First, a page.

After breakfast, the cousins went to school, and the three men repeated the chores performed yesterday. They repaired a couple of fences and looked for cattle that had wandered away from the herds. As they drove down a trail, Uncle Stan pointed to something as he drove across a field to what appeared to be a calf on the ground. He parked the truck, reached for his rifle behind his passengers and waited for them to get out.
Uncle Stan got down on one knee to examine the remains of the animal. “Wolves,” he said.
His brother looked around the areas and said, “I think we scared them off.”
“Time to go hunting,” Uncle Stan declared. “Ever hunted wolves before, lad?”
“Don’t have many of those in the lower 48,” the young man replied.
“That may explain why we got more than our share,” Uncle Stan said. “Once they get the taste of beef, they start to specialize. That makes them more dangerous, but it also makes them more vulnerable. Any wolves we see hanging around are likely the pack that killed this calf, and they want more.”
“Uncles Stan looked over at his brother, then said to his nephew, “Take this rifle, and you ride in the back. We don’t want to waste any daylight.”
The ranch was several dozen acres of fenced land and a couple hundred more of unfenced along a lake. Wolves knew no boundaries and ignored fences. In the ancient battle between ranchers and wolves, the government in British Columbia was on the side of the ranchers. Wolves were a common enemy, so when the predators hit one rancher, all ranchers were inflicted. Similarly, during a wolf hunt, property lines were ignored by ranchers.
The draftee sat on the bed of the pickup with the rifle in his arms as the four-wheel-drive vehicle went from local roads to private driveways to cattle trails. When they came to a neighbor’s gate, his father would jump out, open the gate, and Uncle Stan would drive through. The three men discussed strategy through the open sliding rear window as they hunted. At the crest of a hill, they saw movement and stopped the truck. The armed passenger stood up, turned around, and looked over the top of the cab just in time to see two wolves running along a fence line.
Uncle Stan slowly drove the truck closer to the wolves, stopped, and quietly said to the shooter, “Use the cab roof as a platform and fire when ready.”
The draftee removed the safety on the rifle and put his elbows on the cab for support, swept his hair behind his ear, and looked through the scope at the lead wolf, which he estimated was about 200 yards away. He used the bolt action to chamber a round and put the wolf in the reticle crosshair of the scope. As the wolves gracefully trotted along the fence, the rifleman slowly started to put pressure on the trigger. The rifle fired, the wolf flipped in the air and let out a yelp. The second wolf reversed direction and ran away from its fellow pack member. The rifleman quickly loaded another round in the chamber, put the scope on the second wolf, and squeezed the trigger. The second wolf went down.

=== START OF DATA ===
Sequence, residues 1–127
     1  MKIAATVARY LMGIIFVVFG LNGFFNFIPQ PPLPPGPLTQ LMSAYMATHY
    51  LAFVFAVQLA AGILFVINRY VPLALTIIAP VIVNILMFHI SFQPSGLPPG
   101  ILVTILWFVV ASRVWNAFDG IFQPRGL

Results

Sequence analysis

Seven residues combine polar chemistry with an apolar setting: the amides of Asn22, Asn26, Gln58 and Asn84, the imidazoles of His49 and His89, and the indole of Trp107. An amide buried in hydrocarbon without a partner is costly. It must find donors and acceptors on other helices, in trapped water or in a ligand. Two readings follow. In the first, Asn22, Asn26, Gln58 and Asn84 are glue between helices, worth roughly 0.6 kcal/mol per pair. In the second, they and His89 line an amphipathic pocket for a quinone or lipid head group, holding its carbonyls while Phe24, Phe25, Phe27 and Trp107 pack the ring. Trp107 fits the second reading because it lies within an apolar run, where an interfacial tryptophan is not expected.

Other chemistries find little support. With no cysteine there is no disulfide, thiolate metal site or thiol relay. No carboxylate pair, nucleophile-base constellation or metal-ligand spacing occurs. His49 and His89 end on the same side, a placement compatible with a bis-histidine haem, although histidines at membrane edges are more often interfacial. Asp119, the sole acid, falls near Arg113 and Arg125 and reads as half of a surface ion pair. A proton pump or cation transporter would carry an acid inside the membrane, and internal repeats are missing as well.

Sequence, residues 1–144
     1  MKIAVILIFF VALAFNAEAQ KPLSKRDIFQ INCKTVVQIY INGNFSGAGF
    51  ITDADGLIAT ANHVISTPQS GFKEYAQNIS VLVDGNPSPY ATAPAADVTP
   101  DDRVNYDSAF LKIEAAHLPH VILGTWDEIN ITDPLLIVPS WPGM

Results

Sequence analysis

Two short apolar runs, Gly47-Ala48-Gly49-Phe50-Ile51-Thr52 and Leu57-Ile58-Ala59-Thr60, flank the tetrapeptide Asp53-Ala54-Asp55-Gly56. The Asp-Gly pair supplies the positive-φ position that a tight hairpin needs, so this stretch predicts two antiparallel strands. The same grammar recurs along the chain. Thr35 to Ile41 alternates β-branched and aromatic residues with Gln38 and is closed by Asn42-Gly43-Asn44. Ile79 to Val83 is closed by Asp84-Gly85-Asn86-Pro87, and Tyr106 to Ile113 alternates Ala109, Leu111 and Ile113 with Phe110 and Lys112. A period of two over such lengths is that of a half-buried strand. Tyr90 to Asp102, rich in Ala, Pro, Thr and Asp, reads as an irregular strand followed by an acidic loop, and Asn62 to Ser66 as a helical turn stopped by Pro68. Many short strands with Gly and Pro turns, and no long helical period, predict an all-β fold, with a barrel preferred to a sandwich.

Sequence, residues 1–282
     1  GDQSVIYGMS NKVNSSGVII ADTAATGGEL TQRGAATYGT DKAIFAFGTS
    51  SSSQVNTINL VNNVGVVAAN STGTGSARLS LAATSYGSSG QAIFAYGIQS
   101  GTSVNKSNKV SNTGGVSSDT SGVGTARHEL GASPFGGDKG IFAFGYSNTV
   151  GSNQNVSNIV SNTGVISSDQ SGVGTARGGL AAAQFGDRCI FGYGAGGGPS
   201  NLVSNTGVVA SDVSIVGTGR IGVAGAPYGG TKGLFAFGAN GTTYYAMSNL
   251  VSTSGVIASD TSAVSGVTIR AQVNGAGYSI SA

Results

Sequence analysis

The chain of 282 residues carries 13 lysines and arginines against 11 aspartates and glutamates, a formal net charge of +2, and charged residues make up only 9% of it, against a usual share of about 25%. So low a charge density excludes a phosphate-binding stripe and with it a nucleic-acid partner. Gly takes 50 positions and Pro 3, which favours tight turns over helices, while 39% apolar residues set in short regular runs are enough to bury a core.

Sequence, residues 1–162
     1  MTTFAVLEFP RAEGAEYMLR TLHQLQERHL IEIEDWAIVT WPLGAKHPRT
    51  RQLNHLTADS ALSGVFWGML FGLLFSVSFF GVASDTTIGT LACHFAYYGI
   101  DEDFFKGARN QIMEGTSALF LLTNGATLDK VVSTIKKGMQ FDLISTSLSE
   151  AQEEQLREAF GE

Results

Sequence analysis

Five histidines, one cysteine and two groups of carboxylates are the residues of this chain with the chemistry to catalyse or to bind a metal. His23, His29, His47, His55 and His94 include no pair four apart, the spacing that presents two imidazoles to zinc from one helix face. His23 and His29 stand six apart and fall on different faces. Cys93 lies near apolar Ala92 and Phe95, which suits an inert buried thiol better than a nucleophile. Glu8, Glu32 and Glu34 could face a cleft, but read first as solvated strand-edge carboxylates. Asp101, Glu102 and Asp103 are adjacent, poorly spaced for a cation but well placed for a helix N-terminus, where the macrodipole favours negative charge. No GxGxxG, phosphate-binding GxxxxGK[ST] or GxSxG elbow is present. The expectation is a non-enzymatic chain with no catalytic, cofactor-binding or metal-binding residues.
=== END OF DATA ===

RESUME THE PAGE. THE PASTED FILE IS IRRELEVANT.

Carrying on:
Uncle Stan pounded on the steering wheel and yelled, “You got them!” He swung open the pickup door, jumped out, and used his hands to make a shooting gesture at the two dead animals, “Well done, lad,” he yelled. His father got out on the passenger side and smiled at his son as they . . .
The draftee woke up and realized he had been dreaming about hunting wolves. He sat up and thought about the dream, recalling as much detail as possible. The clock by the bed said it was just after five in the morning, but it was still dark outside. He was a hunter! He killed two predators. There was a sound coming from the kitchen, so he got out of bed and dressed.
“There he is, ready for some coffee, lad?” Uncle Stan asked.
“Your uncle thinks he can get another day of work out of us,” his father explained with a grin.
The young man decided to keep his memory of the dream to himself for the present. After breakfast, the three men fed hay to the cattle and worked on repairs to roads and ditches that had been washed out by the storm two days prior. After lunch, Uncle Stan drove them to the nearest town to pick up mail and supplies. The rifle was still in its place in the gun rack, and the draftee noticed Uncle Stan did not lock the doors of the pickup when they walked around town.
At dinner that night, the young man announced he had made a decision about his future. “In a dream, last night, we went on a wolf hunt, and I was the designated rifleman shooting from the back of the pickup. I killed two wolves with one shot each,” he explained.
“So, you want to be a hunter?” Uncle Stan suggested. “Wolves are problem up here, and we can use your skills.”
“That is not what the dream said to me. What I liked was being part of the group, working as a team together to make the hunt successful. It wasn’t about the kill or the thrill of the hunt; it was about belonging and having a focus. I was with two men who trusted me with a mission. I was part of the pack, and that is what I think has been missing. It is time for me to go home.”
The drive home on a sunny day provided unlimited visibility. Somehow the road seemed smoother, with the draftee driving the Oldsmobile.
“It was a good trip, Dad,” the draftee said as they crossed the border.
His father, now the passenger, smiled and looked over at his son, “You need a haircut. If you pass the physical, Uncle Sam will pay for the next one.”